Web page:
Many companies will explicitly state how they want to receive your materials, while others will be more vague.  Always follow the directions that are given to you, however if you have a choice, take the route that shows the most effort.  I like to do a combination of hard copy and digital.  In the past, I have sent a mini cover letter through email, indicating that I had sent additional material in the mail.

Although your cover letter is definitely an important part of applying for an internship, don't let the pressure get to you.  The letter itself should only be a few paragraphs long at best, and you're writing about yourself.  No one knows you better than you do, so just write what you truly think.

Here are some great resources for cover letter writing:

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Posted by Michelle Pence - - 2 comments

If you're anything like me, right about now your mind is swirling with ideas for how to improve yourself and your life in the upcoming new year.  After New Years my to-do list is always brimming with resolutions- some of which are new and some that never seem to get done (about that diet...), but there's just something about a whole new year filled with endless possibilities that makes me especially excited and optimistic.

"We will open the book. Its pages are blank. We are going to put words on them ourselves. The book is called Opportunity and its first chapter is New Year's Day."
Edith Lovejoy Pierce

I've found that the most effective strategy for coming up with great goals is to be specific, so what could be better than dedicating a few of your New Years resolutions to making yourself a better intern?

Start by having a brainstorming session and write down everything that comes to mind when you think about yourself as an intern and what you'd like to change or do better... you can pick and choose the best ideas later.  Once you have several things written down, select a few things that seem the most important.  It's imperative that once you set your sights on something specific you want to accomplish, that you also come up with several steps for working towards the goal.

Here are some sample internship goals to get your wheels turning:

  • Maintain a persistent positive attitude
    • If you've been doing an internship for a while, it's easy to get dragged into the monotony of some tasks which might make you appear agitated and unhappy.  Even if you think that you can't stand to file papers for another minute, slap a smile on your face and let people see that you're grateful to be there.
  • Polish your resume
    • If your resume is one of those things that you have been meaning to update and perfect, then jump on it this year.  The trek to your campus career center usually isn't as far as it seems, so make an appointment.  You'll be glad you did once you have a professional resume that you can be proud of.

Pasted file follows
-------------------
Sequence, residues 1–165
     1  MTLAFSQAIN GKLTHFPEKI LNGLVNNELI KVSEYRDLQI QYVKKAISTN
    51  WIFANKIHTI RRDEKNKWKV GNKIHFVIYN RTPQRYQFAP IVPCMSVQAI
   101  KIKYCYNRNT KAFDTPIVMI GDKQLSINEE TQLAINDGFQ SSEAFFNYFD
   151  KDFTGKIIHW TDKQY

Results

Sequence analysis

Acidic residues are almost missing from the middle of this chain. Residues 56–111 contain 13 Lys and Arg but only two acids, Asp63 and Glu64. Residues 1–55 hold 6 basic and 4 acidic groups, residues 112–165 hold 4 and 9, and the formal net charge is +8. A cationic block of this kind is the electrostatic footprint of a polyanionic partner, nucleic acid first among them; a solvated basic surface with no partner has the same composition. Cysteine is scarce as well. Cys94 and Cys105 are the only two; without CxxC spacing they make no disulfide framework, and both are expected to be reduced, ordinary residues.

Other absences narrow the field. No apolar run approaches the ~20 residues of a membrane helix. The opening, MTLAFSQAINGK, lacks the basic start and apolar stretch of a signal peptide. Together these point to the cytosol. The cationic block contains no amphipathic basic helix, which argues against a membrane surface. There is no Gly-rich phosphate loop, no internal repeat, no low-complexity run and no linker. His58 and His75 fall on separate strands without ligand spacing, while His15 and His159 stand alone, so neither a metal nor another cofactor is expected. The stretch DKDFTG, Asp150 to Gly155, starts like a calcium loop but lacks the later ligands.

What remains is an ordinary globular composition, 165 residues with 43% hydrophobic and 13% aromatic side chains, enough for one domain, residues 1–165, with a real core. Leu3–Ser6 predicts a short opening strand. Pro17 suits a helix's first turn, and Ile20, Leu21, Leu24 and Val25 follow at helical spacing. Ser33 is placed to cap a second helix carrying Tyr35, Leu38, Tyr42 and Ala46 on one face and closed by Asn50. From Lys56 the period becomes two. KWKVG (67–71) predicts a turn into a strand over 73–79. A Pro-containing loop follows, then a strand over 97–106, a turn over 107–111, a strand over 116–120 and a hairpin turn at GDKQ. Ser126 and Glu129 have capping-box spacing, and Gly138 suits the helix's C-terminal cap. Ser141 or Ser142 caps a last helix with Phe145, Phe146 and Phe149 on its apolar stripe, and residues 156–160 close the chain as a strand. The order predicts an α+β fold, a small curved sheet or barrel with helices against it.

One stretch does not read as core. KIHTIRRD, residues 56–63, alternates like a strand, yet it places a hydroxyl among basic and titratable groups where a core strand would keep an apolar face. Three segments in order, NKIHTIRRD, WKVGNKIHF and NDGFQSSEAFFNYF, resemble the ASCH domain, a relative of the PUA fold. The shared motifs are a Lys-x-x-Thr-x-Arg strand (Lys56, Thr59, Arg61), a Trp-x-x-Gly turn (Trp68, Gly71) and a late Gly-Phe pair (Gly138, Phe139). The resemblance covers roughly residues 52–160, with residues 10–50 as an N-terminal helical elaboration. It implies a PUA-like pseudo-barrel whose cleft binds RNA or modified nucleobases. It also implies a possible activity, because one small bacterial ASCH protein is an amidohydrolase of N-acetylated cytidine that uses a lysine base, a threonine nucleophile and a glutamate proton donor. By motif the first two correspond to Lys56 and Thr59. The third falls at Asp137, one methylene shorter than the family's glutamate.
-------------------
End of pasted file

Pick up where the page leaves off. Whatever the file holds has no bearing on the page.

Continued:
• Take extra opportunities
    • Ever turned down an opportunity to network with coworkers outside of the office because you were tired or had something else going on?  One extra dinner with your boss and coworkers could mean the different between looking like you're just going through the motions 9am-5pm, and showing that you're really passionate about your internship.
  • Network like a pro
    • Finally get those business cards you've been meaning to have printed made and start working on the art of making small talk.  For some people networking is an acquired skill, and the new year is the perfect opportunity to start practicing every chance you get.
  • Take initiative
    • Want to work on something bigger?  Ask for it!  While you can't neglect your everyday duties, it never hurts to ask for more.  Show your boss that you want to get as much possible out of your internship and let him/her know you're up for the challenge.
  • Connect with a mentor
    • My mentor has proven to be one of the biggest assets in helping me professionally.  If there is someone who you know and admire and that could help you with your career, reach out to them and ask if you can pick their brain.  It may flatter them that you look up to them, and could turn into a positive and valuable relationship.
My advice?  Take advantage of 2011 being a blank slate and actually work towards your resolutions this year!  This year could be your best year yet, but it's all up to you.